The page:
5. Patty K on December 13, 2010 at 10:40 pm

    @Stacy – wow. *blushes* Thanks so much! You, my friend, really know how to make my day. 🙂

  6. Darlene on December 13, 2010 at 11:15 pm

    Funny that you write the words I always think… I have intentions to be consistent and so I am consistently inconsistent and besides why do something when your not inspired any ways?

    Thanks for speaking my words and being real!

  7. Sue Mitchell on December 13, 2010 at 11:16 pm

    HA! So you’re someone else’s hero, too. 🙂 What a great way to be a hero…by being just a regular human in a pair of pj’s.

    Hmm…I’m in a nice pair of pink & peach polka-dotted pima cottons right now, with a big, luxurious robe and fleece slippers. Maybe I have hero potential myself!

    Okay, back to the topic of consistency. I did miss your MMM and I’m glad you’re continuing that for now. But I agree with Emerson on the foolish consistency thing…I’ve always loved that quote and bring it up in meetings whenever someone starts suggesting we all do things the same way “for consistency.”

    I don’t want to be confused with the Consistency Police (who surely don’t wear polka-dotted pj’s), but I do think there is a place for consistency. For example, my walks. It *has* to be a non-negotiable, or like you, I’ll just flat out quit. Every time or never.

    Being consistent on a weekly basis, like MMM, is actually much harder. Our personal rhythms aren’t set up in terms of 7 days…at least mine aren’t. There has to be some kind of artificial structure in place to keep that kind of consistency going. The whole purpose of consistency is to build a habit, and weekly isn’t a habit.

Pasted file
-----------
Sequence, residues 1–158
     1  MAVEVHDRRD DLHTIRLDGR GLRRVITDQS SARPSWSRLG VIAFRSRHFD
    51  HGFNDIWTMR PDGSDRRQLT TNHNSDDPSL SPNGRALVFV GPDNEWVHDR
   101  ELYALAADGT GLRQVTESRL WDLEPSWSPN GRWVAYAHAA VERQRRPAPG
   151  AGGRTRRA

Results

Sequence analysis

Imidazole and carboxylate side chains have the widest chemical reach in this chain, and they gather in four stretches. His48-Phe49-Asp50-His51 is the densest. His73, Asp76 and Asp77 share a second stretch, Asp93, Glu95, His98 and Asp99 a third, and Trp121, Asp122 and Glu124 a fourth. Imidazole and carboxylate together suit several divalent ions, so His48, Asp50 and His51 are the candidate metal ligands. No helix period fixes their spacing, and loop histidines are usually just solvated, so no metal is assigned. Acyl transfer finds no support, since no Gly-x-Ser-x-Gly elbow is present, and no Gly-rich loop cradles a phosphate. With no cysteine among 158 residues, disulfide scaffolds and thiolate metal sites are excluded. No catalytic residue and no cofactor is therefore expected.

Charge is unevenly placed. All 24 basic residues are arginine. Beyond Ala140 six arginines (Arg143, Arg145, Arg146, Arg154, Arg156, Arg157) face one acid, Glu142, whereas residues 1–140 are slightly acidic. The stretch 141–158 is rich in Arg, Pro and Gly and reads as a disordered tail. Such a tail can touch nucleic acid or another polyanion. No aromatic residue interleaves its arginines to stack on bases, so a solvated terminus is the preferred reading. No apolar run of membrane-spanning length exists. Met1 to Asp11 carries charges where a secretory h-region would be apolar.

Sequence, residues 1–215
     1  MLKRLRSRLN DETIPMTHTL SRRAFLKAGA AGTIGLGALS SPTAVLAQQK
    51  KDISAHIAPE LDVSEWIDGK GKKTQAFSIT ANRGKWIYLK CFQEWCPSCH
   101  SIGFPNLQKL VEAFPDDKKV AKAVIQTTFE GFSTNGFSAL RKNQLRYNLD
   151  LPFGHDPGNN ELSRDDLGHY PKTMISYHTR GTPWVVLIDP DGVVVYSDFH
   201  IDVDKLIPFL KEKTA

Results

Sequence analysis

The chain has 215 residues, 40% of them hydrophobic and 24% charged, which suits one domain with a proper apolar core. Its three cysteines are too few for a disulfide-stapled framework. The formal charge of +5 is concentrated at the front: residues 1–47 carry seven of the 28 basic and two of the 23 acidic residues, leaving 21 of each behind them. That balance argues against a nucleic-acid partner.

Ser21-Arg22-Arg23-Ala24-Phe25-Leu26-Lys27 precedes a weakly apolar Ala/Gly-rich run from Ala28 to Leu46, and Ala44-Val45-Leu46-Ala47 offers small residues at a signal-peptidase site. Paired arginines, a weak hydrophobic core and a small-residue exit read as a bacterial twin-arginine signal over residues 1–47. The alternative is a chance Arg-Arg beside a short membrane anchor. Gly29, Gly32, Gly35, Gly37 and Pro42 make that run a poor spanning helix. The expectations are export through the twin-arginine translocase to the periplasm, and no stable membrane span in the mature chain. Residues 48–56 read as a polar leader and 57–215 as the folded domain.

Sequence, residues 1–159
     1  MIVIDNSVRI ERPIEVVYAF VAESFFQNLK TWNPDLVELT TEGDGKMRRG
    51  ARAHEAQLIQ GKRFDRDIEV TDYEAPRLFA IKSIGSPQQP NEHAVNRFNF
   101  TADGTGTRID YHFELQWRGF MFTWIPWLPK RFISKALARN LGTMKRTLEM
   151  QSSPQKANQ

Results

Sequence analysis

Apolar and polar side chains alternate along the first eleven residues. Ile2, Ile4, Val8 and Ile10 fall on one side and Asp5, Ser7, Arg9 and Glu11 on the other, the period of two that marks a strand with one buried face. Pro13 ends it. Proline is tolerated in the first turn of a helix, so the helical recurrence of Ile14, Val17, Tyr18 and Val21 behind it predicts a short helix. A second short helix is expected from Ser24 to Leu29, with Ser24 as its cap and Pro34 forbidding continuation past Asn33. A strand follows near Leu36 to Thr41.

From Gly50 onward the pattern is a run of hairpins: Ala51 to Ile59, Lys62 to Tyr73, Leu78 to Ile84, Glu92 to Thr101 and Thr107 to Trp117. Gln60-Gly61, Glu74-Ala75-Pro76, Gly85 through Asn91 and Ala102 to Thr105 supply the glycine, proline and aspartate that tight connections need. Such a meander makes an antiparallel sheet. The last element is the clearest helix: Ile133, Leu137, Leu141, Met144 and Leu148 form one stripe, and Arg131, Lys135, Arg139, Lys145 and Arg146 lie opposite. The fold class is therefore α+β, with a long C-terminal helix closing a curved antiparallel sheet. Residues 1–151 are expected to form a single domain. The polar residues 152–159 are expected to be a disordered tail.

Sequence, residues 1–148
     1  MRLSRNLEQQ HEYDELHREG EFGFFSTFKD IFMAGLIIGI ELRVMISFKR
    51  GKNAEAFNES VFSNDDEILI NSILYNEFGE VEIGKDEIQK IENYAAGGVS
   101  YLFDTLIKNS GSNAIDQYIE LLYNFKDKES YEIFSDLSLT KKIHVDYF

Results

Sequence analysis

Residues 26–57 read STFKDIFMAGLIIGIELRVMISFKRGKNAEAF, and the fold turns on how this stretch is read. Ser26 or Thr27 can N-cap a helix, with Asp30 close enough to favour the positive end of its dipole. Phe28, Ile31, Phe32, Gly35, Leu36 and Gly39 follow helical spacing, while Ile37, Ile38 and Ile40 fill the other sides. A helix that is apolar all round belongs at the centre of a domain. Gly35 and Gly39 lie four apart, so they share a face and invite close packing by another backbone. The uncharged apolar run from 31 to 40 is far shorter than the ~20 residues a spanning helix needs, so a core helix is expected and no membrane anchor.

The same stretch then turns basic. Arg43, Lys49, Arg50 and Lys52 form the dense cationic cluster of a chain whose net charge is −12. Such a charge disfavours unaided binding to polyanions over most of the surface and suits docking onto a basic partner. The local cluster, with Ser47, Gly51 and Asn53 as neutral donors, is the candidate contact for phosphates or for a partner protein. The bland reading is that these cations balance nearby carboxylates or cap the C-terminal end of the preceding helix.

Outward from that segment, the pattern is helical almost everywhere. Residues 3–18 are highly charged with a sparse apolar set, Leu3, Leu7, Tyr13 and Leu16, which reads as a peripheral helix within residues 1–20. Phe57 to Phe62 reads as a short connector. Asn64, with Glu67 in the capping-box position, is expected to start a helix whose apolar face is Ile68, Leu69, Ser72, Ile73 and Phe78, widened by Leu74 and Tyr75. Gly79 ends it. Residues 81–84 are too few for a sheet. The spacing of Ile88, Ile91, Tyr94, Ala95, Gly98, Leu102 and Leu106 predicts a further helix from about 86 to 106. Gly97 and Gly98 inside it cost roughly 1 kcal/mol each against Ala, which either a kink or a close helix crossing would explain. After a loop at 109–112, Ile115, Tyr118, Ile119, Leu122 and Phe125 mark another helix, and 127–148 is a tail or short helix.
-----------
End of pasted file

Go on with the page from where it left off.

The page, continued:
I guess I’m in the minority in that I do love a made bed…but I do that because I love it, not because of someone else’s rules. And sometimes I don’t do it. Frankly, most of the time there’s no other large uncluttered surface anywhere in our tiny house…it’s my only hope for a sense of order and space. 🙂

  8. Patty K on December 14, 2010 at 12:09 am

    @Darlene – nice to see you here! If only inspiration were consistent, then we could be too. Thanks for the comment.

    @Sue – Ha! I’d say you *definitely* have hero potential. Even without the polka dotted PJs!

    And I agree: daily is much easier than weekly or 3 times a week or whatever. If it weren’t for my electronic memory, there’s no way I’d stand any chance of sending something out weekly.

    Hmm. I always figured most grown ups made their beds. I’d hate to think my rebellious stance was actually the more common. 😉

  9. Tshombe on December 14, 2010 at 1:08 am

    Patty,

    You’ve obviously hit on something amazing here that resonates with a lot of folks, including me!

    It reminds me of DeBorah Beatty, a coach who lives in the Greater Portland (Oregon) area, who has a program she calls “Disconnecting Your Oughta Pilot”!

    One thing that I love about you, Patty, is your commitment to being YOU and consistently (THAT’S what you’re consistent at! 🙂 show up authentically and unapologetically.

    This post is a perfect example.

    You speaking, networking, or otherwise going out in public in your pajamas when it’s not Halloween is a perfect example.

    You give people permission to be openly whoever they are.

    Beautiful, funny, witty, empowering post, Patty K. Thanks much!

  10. Tshombe on December 14, 2010 at 1:10 am

    PS I LOVE having the bed made every morning. . .but I think I’m probably in the minority.

  11. David Rendall on December 14, 2010 at 6:44 am

    Patty,